Lives of the fellows

James Brian Lowe

b.23 September 1917 d.4 November 1993
OBE MB ChB Edin(1940) MRCPE(1947) MRCP(1948)FRCPE(1957) FRACP(1965) FRCP(1967) Hon FRACS(1975)

James Lowe, always known as Jim, was the son of a Scottish engineer, James Lowe, and his wife Elizabeth née McKibbin. Jim was born in his parents’ house in Auckland, New Zealand, which was later to become his own home throughout his working life. Having attended King’s Preparatory School and King’s College in Auckland, he came to the UK to study medicine at the University of Edinburgh. Following graduation he served as house physician at the Royal Infirmary in Edinburgh for a year and then joined the RAF as a medical officer for the duration of the war, before returning to Edinburgh to spend two years as registrar to Ray Gilchrist. Subsequently he took up senior registrar posts in cardiology, 1946-50, at the Hammersmith, Brompton and National Heart Hospitals. In 1951 he became first assistant to Paul Wood [Munk's Roll, Vol.V, p.456] at the Institute of Cardiology and in 1953, when appointed a full-time cardiologist at Green Lane Hospital, he was able to bring Wood’s analytical and scientific approach to New Zealand.

This was the first sub-specialist physician appointment on the Auckland scene and Jim started work without the help of junior staff. He fitted into the cardiosurgical group which was formed in 1948, led by English-trained physician cardiologists Edward Roche and Laurie Reynolds, together with surgeons Douglas Robb, later Sir Douglas, and Rowan Nicks. Success in the new environment meant not only skills in cardiology but also considerable tact and ability to work with others. Jim began as he was to continue; quiet, self-effacing and patiently accommodating all views. His expertise and judgement were rapidly accepted, first by the Green Lane group and then throughout the whole of the Auckland scene. Edward Roche said that Jim Lowe brought to Green Lane a good portion of Wood’s knowledge and skills without Wood's occasional irritability and asperity, and that Lowe blended his knowledge and clinical acumen with tact, diplomacy and a wholesome measure of scientific humility. Jim's qualities did indeed form the basis of the aspirations and morale of the Green Lane group and provided the sound cardiological base needed for the major surgical developments occurring at that time, accelerated by the appointment of Brian Barratt-Boyes, later Sir Brian, in 1957. Jim Lowe always led by example and his courteous manner made junior staff feel they were doing him a great favour by carying out their duties conscientiously; he invariably extracted the best from staff.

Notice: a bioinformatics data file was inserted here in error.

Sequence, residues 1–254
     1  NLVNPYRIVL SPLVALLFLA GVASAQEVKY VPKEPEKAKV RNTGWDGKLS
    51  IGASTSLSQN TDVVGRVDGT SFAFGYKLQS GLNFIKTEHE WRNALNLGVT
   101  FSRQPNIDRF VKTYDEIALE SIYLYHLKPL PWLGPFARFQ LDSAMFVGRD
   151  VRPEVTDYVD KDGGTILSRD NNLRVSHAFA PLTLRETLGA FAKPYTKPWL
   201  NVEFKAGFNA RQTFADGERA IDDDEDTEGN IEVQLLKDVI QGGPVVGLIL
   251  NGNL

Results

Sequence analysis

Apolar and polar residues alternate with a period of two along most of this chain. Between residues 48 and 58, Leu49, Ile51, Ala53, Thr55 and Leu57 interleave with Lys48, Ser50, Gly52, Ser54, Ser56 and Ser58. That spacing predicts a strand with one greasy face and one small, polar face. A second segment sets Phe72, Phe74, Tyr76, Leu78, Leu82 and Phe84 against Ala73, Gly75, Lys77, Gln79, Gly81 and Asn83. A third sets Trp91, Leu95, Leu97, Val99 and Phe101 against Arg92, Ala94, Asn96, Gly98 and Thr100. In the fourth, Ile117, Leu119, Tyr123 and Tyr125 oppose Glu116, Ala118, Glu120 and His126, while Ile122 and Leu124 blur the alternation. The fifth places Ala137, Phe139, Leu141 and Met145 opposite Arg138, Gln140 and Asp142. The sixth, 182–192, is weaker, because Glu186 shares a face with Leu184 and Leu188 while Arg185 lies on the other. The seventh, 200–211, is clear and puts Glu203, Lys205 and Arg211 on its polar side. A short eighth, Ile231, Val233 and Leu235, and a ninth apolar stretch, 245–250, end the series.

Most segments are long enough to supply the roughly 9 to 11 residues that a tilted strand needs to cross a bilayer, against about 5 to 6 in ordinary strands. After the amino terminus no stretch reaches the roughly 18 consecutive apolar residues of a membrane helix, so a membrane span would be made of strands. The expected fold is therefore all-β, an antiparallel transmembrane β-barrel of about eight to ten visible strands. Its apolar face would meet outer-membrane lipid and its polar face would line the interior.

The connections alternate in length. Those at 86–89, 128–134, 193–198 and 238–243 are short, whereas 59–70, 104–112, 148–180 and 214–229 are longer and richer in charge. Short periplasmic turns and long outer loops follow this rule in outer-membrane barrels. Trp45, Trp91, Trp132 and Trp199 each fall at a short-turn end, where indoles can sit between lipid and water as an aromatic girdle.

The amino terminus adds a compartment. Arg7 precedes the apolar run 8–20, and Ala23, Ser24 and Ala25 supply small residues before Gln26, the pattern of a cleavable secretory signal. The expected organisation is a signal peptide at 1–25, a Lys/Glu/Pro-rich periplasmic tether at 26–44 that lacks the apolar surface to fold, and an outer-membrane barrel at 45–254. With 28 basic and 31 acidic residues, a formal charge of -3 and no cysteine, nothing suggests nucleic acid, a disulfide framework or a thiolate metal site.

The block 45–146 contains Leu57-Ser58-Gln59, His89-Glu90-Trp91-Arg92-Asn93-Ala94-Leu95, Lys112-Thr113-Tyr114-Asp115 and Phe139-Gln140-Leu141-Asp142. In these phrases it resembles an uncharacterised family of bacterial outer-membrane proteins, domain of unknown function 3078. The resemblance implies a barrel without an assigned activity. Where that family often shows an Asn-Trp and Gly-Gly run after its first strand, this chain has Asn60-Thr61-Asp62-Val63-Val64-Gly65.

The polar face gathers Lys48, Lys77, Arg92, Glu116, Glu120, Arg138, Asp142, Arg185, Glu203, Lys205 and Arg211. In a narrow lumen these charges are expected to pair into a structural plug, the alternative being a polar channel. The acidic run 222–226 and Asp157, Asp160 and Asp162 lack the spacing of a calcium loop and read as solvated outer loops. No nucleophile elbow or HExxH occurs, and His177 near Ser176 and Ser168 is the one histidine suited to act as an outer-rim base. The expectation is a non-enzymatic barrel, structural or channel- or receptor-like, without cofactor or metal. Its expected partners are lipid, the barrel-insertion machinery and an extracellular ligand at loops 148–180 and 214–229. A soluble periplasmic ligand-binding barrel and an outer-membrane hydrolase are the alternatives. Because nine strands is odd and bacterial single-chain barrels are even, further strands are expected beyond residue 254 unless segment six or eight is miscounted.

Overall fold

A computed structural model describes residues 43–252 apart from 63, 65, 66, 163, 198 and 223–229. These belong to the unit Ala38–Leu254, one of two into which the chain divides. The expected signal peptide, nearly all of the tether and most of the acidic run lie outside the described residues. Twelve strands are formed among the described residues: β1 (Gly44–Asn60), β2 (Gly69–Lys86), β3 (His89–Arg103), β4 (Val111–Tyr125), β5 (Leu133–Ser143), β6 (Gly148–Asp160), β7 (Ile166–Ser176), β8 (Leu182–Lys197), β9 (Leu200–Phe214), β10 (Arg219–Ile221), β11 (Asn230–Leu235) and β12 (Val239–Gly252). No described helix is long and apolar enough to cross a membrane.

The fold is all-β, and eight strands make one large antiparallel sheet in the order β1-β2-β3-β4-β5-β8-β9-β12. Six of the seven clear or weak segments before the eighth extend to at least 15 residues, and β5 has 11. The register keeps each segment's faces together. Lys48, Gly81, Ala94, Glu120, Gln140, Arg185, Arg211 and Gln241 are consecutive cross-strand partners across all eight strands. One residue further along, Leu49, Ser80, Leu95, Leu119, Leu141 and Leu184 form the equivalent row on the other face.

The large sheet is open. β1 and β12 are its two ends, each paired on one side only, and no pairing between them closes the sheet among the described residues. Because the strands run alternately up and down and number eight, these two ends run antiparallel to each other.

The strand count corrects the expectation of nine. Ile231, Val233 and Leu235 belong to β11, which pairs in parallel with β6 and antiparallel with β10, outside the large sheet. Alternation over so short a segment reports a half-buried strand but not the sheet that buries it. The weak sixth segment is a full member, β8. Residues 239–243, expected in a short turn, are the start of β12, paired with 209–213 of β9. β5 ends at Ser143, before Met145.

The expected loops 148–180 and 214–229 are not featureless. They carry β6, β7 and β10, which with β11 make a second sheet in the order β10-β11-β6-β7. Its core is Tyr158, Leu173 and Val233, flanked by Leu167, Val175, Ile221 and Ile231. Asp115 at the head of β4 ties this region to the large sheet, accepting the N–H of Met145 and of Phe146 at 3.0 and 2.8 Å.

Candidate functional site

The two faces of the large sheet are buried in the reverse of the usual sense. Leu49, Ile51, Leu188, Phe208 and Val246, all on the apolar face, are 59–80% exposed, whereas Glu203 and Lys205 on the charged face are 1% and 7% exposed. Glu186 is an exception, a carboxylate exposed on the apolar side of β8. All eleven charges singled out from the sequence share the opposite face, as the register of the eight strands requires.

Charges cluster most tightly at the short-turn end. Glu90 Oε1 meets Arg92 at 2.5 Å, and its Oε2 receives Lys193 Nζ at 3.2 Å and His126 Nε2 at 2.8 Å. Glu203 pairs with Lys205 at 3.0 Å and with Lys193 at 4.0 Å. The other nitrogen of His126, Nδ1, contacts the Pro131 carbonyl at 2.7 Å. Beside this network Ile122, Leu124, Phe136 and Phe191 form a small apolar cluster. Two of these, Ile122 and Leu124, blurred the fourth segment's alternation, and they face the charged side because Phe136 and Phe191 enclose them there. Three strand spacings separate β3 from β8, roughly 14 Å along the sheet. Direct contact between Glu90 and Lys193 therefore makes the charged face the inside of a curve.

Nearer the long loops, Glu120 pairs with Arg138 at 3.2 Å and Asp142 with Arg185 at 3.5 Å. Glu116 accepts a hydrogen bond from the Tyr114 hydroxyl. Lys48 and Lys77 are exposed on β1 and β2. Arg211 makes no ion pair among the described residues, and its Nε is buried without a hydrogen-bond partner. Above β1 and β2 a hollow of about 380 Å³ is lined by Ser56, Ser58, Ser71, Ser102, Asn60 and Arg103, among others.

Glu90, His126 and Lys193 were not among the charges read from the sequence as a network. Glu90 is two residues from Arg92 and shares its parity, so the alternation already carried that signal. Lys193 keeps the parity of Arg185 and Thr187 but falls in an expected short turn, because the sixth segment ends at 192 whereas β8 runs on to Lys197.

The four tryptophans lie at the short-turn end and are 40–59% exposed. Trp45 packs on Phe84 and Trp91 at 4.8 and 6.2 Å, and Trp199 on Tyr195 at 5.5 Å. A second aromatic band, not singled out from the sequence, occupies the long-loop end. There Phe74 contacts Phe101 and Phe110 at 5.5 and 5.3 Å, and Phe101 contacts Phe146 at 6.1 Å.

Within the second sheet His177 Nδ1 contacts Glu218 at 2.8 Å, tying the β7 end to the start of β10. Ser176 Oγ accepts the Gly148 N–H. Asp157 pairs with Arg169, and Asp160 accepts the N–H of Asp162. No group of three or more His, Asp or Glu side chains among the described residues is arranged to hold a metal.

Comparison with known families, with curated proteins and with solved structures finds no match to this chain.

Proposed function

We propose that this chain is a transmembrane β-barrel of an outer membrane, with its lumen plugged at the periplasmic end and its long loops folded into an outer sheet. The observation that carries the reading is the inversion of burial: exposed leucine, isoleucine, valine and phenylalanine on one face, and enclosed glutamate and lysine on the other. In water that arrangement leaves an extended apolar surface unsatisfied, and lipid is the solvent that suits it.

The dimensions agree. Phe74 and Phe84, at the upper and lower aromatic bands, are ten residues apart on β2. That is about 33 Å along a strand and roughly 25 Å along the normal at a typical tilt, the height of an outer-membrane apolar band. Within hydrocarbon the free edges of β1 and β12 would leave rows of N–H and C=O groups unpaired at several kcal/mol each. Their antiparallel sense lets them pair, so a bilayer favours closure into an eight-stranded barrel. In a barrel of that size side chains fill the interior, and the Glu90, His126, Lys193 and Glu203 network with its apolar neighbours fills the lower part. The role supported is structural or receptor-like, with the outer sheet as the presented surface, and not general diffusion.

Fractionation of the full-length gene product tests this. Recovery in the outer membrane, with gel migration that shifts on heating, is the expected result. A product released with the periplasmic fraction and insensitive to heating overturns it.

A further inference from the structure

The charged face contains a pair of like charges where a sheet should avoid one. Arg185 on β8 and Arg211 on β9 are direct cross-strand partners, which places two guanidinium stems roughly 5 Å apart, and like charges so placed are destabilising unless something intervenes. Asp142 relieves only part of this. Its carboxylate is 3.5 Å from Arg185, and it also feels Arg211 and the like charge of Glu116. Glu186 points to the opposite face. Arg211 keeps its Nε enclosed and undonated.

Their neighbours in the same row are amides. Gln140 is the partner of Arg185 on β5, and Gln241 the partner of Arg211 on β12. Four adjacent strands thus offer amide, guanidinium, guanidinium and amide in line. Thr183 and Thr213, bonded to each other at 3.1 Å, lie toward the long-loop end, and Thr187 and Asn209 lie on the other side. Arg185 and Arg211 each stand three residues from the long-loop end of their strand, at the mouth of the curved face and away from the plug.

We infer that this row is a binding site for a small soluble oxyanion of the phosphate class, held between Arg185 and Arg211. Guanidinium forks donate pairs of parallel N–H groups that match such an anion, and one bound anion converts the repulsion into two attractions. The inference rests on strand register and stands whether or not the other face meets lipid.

Although encouraged by Paul Wood and others to take up the position in Auckland m 1953, they continued to invite him to apply for senior positions in London on a number of occasions. His retiring nature meant that he was never a prominent figure at national or international meetings but his skills and judgement were universally recognized. He was a corresponding member of the British Cardiac Society and the Association of European Paediatric Cardiologists. In 1958 he became the first secretary of the newly established New Zealand committee of the Cardiac Society of Australia and New Zealand. He was elected a Fellow of the College, of the Edinburgh College and the Australasian College, and an honorary fellow of the Royal Australasian College of Surgeons. He was also awarded the OBE.

Dick Rowe introduced the North American influence into paediatric cardiology in 1961 and the whole array of modern practices were in use at Green Lane by the time of Jim’s retirement m 1982. He himself remained conservative and thorough and always had to be convinced that each new venture was sound. His superb clinical judgement set the standard for others to emulate. He was an excellent clinical teacher with a delightful, quiet sense of humour, and also a reader in cardiology at the Auckland School of Medicine. He earned the respect and affection of all who were fortunate enough to work with him. After many years full-time at Green Lane, he entered consultant private practice, which he continued after his retirement from the hospital.

Jim Lowe had a lifelong interest in music, theatre and art, and enjoyed relaxing at his beach house. He also had a hidden talent as a handyman - an ability which enabled him to produce the first rapid film changer in the radiology department at Green Lane - but he always seemed to have a long list of unfinished tasks. He was a devoted family man and his marriage in 1956 to Jocelyn Howard, daughter of a journalist, was a wonderfully happy union. He was always very proud of his children, James, Jane, Vicki and Andrew. He lived to see two grandchildren - one being the fifth James Lowe in the family. For many years the staff at Green Lane shared something of their happy family life, especially around Christmas, at their gracious old family home.

J M Neutze

(Volume IX, page 323)

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